This brings us back to the more likely explanation that modern agriculture spread around the world from one particular area and there seems little doubt that food production and town life spread from Western Asia in the area between the Himalayas and the Mediterranean not later than 8000 B.C. Even this is a ‘best guess’ based on known information as a new discovery recently discovered deep beneath the seas in the Gulf of Cambay off the coast of Gujarat in India, suggests an advanced civilisation 9000 B.C. or even earlier. This, and possibly other cities would have been destroyed by flood waters as the Ice Age ended, fitting in with the mystical suggestions of cataclysm around 10,500 B.C. and even Plato’s fabled lost island of Atlantis.
There was plenty of impetus for the growth of communities as excess produce first became the key to trade and then as a sign of wealth and largesse. This theory is supported by clear evidence that cereal production around world is descended from three crops which originated in South East Turkey and the Upper Jordan Valley. The best emmer came from the latter and both barley and einkorn from the former to become the ancestors of modern crops.

Cradle of Civilization

Mesopotamia is considered the “cradle of civilization”. I would define civilization as a community having an organized government and religion, system of writing (not pictures), division of labor, and surplus food. A system of writing came last, developing after languages evolved. Cities began to evolve around 8000BC. Sumer is the earliest known civilization. Sumers original inhabitants were Ubaidians. The Ubaidian culture was already quite advanced for that time, and had a large variety of unique farming techniques. Between 4000 and 3000 BC Sumer was infiltrated by many nomadic tribes. This constant movement of peoples caused a cross-fertilization of culture. Technology from many different regions were becoming centralized in Sumer. By 3800 BCE the Sumerians supplanted the Ubaidians and Semites. The Sumerian priesthood developed an early mathematics for commercial and religious purposes, and their number system was based around the number 60. Thus time itself is divided into units of 60 seconds in a minute, 60 minutes in an hour, and so forth. The 24-hour day also originates with Sumerian calendars, as does the 360-degree circle. About the same time cultures were evolving in the Indus Valley (map, writing), Egypt and China (Shang, inventions, Silk Road).

The religion of the ancient Sumerians has left its mark on the entire middle east. Not only are its temples and ziggurats scattered about the region, but the literature, cosmogony and rituals influenced their neighbors to such an extent that we can see echoes of Sumer in the Judeo-Christian-Islamic tradition today. From these ancient temples, and to a greater extent, through cuneiform writings of hymns, myths, lamentations, and incantations, archaeologists and mythographers afford the modern reader a glimpse into the religious world of the Sumerians.
Each city housed a temple that was the seat of a major god in the Sumerian pantheon, as the gods controlled the powerful forces which often dictated a human’s fate. The city leaders had a duty to please the town’s patron deity, not only for the good will of that god or goddess, but also for the good will of the other deities in the council of gods. The priesthood initially held this role, and even after secular kings ascended to power, the clergy still held great authority through the interpretation of omens and dreams. Many of the secular kings claimed divine right.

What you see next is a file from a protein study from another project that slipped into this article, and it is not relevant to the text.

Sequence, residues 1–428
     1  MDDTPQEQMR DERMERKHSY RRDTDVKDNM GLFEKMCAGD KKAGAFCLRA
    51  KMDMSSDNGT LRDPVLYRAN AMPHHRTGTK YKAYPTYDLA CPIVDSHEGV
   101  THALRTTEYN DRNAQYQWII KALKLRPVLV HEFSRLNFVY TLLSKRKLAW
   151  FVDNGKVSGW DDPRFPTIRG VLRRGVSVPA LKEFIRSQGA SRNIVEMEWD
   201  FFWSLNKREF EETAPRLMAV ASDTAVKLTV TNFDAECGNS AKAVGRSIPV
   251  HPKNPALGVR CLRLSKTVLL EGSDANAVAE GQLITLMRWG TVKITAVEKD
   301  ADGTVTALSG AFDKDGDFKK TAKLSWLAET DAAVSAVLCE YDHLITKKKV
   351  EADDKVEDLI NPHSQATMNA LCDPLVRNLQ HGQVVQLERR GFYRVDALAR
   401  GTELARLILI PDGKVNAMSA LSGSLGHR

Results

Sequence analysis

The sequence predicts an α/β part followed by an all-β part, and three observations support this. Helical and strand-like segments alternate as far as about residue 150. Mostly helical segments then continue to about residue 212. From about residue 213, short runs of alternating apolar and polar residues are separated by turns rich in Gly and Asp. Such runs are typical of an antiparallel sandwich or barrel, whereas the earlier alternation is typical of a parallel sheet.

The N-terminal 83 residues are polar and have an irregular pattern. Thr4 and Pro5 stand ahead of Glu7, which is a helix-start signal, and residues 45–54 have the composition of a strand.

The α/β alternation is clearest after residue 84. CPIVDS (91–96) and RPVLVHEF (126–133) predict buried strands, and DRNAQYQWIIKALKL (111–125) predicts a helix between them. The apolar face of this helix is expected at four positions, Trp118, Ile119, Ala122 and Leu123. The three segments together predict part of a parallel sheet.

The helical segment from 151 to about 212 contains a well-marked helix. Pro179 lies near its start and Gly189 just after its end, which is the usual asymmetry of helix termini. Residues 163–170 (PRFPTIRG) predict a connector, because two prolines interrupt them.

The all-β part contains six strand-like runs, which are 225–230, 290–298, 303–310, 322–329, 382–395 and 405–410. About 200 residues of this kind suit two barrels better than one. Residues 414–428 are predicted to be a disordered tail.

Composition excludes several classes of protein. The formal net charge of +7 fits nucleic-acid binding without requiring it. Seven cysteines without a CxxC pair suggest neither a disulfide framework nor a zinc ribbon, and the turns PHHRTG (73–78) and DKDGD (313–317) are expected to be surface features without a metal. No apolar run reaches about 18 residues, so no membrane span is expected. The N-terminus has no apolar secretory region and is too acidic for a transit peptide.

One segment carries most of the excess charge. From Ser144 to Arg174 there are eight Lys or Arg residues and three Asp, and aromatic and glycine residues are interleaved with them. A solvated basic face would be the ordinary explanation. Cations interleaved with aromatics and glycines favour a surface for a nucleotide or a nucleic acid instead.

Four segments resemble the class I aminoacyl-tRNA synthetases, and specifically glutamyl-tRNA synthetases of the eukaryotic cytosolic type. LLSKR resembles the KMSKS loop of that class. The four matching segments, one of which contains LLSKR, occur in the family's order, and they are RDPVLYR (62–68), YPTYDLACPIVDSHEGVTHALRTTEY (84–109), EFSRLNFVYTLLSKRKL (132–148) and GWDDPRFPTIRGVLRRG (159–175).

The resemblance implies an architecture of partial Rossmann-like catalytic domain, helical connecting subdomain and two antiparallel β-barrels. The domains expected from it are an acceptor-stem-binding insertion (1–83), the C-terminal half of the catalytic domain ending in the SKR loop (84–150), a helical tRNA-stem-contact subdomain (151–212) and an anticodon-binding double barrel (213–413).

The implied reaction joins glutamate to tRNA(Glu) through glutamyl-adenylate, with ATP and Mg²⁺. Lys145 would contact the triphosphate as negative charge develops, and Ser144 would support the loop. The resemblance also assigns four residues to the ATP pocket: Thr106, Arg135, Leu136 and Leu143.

“Each Sumerian city-state had its own local god, who was regarded as its ‘king’ and owner. It also had a human ruler, the steward of the divine sovereign, who led the people in serving the deity. The local god, in return, was expected to plead the cause of his subjects among his fellow deities who controlled the forces of nature such as wind and weather, water, fertility, and the heavenly bodies. Nor was the idea of divine ownership treated as a mere pious fiction; the god was quite literally believed to own not only the territory of the city-state but also the labor power of the population and its products. All these were subject to his commands, transmitted to the people by his human steward. The result was an economic system that has been dubbed ‘theocratic socialism,’ a planned society whose administrative center was the temple. It was the temple that controlled the pooling of labor and resources for communal enterprises, such as the building of dikes or irrigation ditches, and it collected and distributed a considerable part of the harvest. All this required the keeping of detailed written records. Hence… the texts of early Sumerian inscriptions deal very largely with economic and administrative rather than religious matters, although writing was a priestly privilege.”

Laws governing private as well as public and political life were written up in Mesopotamia as early as 2250 B.C. Unfortunately, most of these early documents have been preserved in very fragmentary condition, so that only a few phases of early law and procedure are now known to us. The following fragments date from the Akkadian through the Neo-Babylonian periods.

The cultural development or Sumer and Elam ran parallel. A script was in use in Elam (Kerman) simultaneous to the first pictorial writing in Ur (3000 B.C.). Temple structures in both areas had the same ziggurat form, the man-made mountain reminiscent of their highland origins. Many cultic and religious habits were the same throughout Mesopotamia; the snake cult of Elam however was distinct and foreign.